Overall, the gasoline market is expected to remain quiet, as the seasonal transition continues with the focus switching to the heating oil market. Jet fuel oil stocks also increased by 2.5 mb to end the month at 46.4 mb, the highest level since September 2010. Jet fuel stocks are almost in line with a year ago, while they indicated a surplus of 3.3 mb or 7.6% with the seasonal norm. Distillate stocks saw a slight build, reversing the stock-draw of the last month to end the month of September at 156.8 mb, the highest level since the beginning of this year. Distillate stocks stood at 9.8 mb or 5.9% below a year ago, remaining at 6.8 mb or 4.5% above the five-year average. Distillate markets are slowly gaining strength, with production rising to 4.6 mb/d, an increase of 270,000 b/d over the same period last year.
Domestic demand showed some improvement relative to recent levels, rising to 4.1 mb/d during the week ending 30 September. Residual fuel oil stocks decreased by 4.0 mb, after almost three months of negligible movement and ending the month at 33.6 mb. At this level, residual stocks stood at 6.2 mb or 15.6% below last year and 5.3 mb or 13.6% less that the seasonal norm.
In August, commercial oil stocks in Japan reversed the build experienced last month and fell by 1.4 mb to stand at 176.2 mb. At this level, Japanese commercial oil stocks stood at 4.6 mb or 2.7% above a year ago over the same period, but remained at 11.7 mb or 6.2% below the five-year average. This stock draw was attributed to the decline of 6.9 mb in crude, while product stocks abated this drop, rising by 5.5 mb. Japanese commercial crude oil stocks also erased last month’s build, falling sharply by nearly 7.0 mb to end the month at 97.5 mb, the lowest level since February 2011.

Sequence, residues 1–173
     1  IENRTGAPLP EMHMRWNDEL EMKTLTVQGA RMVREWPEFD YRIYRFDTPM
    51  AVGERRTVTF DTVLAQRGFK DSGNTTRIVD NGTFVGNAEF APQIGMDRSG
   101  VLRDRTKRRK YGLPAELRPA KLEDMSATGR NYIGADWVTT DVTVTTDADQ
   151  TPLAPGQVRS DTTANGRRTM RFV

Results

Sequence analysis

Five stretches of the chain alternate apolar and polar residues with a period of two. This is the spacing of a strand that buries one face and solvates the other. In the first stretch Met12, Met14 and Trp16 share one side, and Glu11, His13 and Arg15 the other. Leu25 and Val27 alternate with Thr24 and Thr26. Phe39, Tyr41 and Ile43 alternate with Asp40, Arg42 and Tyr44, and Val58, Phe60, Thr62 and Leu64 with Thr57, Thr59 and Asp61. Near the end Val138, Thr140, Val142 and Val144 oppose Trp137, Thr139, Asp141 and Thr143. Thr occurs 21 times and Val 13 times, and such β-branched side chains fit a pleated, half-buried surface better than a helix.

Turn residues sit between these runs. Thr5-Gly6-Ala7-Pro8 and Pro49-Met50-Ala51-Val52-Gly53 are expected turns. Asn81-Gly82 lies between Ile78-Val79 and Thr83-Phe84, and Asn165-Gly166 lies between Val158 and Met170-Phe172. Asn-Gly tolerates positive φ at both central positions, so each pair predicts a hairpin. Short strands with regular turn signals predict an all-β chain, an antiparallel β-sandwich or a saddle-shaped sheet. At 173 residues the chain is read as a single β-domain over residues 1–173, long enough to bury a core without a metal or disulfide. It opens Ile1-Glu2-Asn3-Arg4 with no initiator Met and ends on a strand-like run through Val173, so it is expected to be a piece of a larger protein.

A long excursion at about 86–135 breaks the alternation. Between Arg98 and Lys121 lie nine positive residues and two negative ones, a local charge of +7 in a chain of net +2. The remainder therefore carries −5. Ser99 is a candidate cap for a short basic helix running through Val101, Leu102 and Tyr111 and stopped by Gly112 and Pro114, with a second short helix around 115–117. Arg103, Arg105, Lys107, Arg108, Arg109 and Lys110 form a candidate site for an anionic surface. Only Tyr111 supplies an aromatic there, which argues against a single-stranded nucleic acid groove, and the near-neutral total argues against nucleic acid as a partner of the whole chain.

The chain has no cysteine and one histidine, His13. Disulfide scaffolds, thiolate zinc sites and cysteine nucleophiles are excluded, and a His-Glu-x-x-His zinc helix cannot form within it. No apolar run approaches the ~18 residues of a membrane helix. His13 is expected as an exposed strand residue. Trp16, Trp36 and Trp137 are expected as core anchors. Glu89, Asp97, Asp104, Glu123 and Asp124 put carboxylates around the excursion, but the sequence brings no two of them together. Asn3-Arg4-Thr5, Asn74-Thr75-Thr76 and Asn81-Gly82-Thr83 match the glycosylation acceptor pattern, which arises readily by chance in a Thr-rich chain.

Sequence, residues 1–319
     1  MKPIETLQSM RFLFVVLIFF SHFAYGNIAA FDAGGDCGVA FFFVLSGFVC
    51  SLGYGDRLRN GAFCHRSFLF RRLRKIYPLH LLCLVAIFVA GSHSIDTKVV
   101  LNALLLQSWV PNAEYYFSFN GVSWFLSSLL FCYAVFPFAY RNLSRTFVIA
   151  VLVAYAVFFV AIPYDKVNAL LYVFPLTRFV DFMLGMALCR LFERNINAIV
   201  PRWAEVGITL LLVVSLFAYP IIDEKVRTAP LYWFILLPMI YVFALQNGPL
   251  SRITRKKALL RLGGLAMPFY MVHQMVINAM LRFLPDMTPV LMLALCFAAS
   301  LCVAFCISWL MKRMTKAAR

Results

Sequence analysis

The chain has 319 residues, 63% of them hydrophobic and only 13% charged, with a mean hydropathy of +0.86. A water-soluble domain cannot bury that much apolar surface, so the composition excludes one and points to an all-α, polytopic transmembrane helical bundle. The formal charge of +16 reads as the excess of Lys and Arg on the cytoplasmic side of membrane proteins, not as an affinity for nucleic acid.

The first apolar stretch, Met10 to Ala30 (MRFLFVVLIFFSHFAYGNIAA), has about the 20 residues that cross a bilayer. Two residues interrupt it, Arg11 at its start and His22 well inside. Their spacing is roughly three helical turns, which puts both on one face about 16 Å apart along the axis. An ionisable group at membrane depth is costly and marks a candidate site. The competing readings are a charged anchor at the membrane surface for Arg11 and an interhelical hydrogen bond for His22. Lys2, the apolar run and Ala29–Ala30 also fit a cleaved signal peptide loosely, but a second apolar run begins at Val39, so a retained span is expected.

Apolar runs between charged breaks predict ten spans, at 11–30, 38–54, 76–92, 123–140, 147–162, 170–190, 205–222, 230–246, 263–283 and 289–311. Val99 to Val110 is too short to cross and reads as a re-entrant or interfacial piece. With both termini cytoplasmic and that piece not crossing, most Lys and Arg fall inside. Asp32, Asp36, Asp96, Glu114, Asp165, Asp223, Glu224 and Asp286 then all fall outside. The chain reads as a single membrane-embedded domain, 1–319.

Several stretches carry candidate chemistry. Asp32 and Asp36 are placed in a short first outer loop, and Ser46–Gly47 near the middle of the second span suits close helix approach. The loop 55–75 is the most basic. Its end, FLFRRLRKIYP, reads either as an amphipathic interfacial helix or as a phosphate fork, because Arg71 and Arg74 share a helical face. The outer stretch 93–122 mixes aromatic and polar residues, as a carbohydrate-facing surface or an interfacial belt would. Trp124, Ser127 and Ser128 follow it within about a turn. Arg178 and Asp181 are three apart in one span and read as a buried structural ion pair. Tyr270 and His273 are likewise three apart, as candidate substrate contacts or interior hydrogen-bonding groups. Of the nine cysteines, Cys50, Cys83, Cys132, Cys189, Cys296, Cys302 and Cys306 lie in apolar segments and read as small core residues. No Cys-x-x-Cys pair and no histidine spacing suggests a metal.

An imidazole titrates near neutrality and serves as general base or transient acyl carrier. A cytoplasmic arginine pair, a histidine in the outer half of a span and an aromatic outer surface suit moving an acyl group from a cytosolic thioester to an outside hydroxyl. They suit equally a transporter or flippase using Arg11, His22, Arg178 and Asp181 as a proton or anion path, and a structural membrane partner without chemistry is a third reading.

Despite this stock draw, crude commercial oil stocks in Japan remained in line with the previous year during the same month, but showed a deficit of 5.4 mb or 4.3% with the five year average. The draw in crude commercial oil stocks in August came from lower crude oil imports as they decreased by 0.2% to stand at 3.5 mb/d. Crude oil imports still remained 2.5% less than a year ago. Higher crude throughput also contributed to the decline in crude oil inventories. Indeed, crude throughput has increased by more than 200,000 b/d to reach 3.55 mb/d, but still remained 5.0% below last year. It is worth noting that direct crude burning continued the upward trend, increasing in August by more than 26%, reflecting efforts by the country to outcome the shortage in nuclear output.
In contrast to the decline in crude oil stocks, total product inventories rose for the second consecutive month to stand at 78.7 mb, the highest level since September 2009. With this build, the surplus with a year ago has widened to 5.9% from 1.8% a month earlier; however, the deficit with the five-year average remained at 11.7 mb or 6.2 %. The build in Japanese total products in August could mainly be attributed to the increase in refinery output which rose by almost 240,000 b/d or 7.5% to average 3.4 mb/d. However, the build in oil product stocks came despite higher domestic sales as they increased by around 160,000 b/d or 5.1%, averaging 3.31 mb/d. Japan’s total oil products sales in August rose also versus a year ago by 0.9% and marks the first year-on-year climb since the March quake and tsunami disrupted refinery operations and damped economic activity.